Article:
Deploy Containers Close to Your Users

This Engineering Education (EngEd) Program is supported by Section.

Instantly deploy containers globally. Section is affordable, simple and powerful.

Get Started for Free.

Implementing Database Driven Push Notifications in Android with Firebase

March 3, 2022

When you want to give users relevant information about your app’s product, push notifications come in helpful.

Take, for example, an app that deals with giving out and repaying loans. It will be a bad user experience when a user makes a payment and he/she is not notified of the amount paid, balance, and other relevant information.

In this tutorial, we will dive deep into understanding how to send Push notifications based on the Firebase real-time database changes.

Table of contents


To follow along, you should have:

  • Android Studio installed on your machine.
  • Good knowledge of creating and running Android apps.
  • Basic knowledge of the Kotlin programming language and Viewbinding.
  • Basics of Firebase cloud functions.
  • Basic understanding of Firebase Realtime Database.
  • Node.js and Firebase CLI installed on your machine.

What are push notifications?

Messages that show in a user’s web browser, mobile phone, or desktop computer are known as push notifications. Businesses use them to communicate timely announcements, deals, and other information to their customers. A user can get these messages from anywhere as long as they are connected to the internet or have their phone or browser open.

When do we need them?

Push notifications provide convenience by allowing a user to receive:

  • Immediate receipt of transactional receipts - Promotion of products or offers to boost sales.
  • Sports scores and news are displayed on their lock screen - Utility notifications such as traffic, weather, and ski snow reports are displayed on their lock screen.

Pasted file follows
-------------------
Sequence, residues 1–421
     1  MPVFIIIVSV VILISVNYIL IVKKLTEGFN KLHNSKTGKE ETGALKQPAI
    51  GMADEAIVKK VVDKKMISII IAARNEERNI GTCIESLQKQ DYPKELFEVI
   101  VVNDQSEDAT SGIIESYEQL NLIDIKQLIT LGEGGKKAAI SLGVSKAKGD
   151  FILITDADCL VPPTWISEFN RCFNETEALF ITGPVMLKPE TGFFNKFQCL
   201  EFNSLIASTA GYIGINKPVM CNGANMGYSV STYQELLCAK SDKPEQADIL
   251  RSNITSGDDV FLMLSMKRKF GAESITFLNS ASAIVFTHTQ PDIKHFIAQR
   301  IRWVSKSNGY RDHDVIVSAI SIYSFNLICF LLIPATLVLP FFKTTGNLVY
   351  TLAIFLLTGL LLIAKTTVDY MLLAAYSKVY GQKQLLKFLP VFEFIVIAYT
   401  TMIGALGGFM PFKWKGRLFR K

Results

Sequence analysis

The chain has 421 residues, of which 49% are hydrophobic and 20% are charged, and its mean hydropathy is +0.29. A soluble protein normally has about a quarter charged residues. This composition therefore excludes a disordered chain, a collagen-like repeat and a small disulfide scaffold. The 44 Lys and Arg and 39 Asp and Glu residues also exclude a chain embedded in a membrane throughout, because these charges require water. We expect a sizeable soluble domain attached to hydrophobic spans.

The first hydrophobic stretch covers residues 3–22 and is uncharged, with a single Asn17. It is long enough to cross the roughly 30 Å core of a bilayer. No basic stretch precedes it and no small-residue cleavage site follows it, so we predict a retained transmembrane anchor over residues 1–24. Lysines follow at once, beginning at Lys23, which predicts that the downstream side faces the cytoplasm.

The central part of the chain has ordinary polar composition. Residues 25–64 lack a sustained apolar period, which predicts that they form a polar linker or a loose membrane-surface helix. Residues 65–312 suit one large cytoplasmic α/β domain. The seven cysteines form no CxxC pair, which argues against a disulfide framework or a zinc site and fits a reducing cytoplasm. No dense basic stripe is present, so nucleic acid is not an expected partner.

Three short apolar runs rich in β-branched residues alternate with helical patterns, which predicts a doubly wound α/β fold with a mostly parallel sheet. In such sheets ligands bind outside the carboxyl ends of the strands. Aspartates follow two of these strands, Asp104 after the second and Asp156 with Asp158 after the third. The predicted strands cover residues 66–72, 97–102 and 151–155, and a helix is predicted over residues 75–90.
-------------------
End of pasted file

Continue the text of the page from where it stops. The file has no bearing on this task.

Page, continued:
• Improve customer satisfaction.
  • Information on flight check-in, changes, and connections.

On your Firebase console, create a new Firebase project and ensure you have changed your payment plan to Blaze.

Step 1 - Creating a cloud function

Before we jump into our Android Studio, let’s first write a cloud function triggered every time new data is created in the real-time database.

Go to your desktop and create a new folder. Give it a name of your choice.

Open it in your terminal and key in the following commands:

  • firebase-login - Logs into Firebase using your Google account.

firebase login

  • firebase-init - Initializes a Firebase project.

firebase init

Choose the feature you want to configure for this project - The firebase function.

firebase feature

  • For the next step, choose an existing project and select the project you created in the Firebase console.
  • Then choose Javascript as the language that you will use.
  • Next, do not allow ESLint.
  • In this step, click Y to install dependencies with npm.

And that’s all, Firebase initialization is completed.

Open the folder with your preferred code editor, for example, VsCode, Atom, or Sublime Text.

Inside the functions directory, open index.js and write the following trigger code.

const functions = require("firebase-functions");
const admin = require('firebase-admin');

exports.databaseDrivenPushNotifs = functions.database.ref('/payment/{paymentId}').onCreate(
    (snapshot, context) => {
        admin.database().ref('/device_token').once('value').then(allTokens =>{
                console.log("Token available");
                const token = Object.keys(allTokens.val());
                        notification: {
                            title: "Payment Received",
                            body: "Dear customer your payment has been received, kindly wait for your balance to update"
                console.log("Token not available")

The function uses the real-time database module and listens to the /payment reference. This function is triggered when a new payment with a paymentId is created.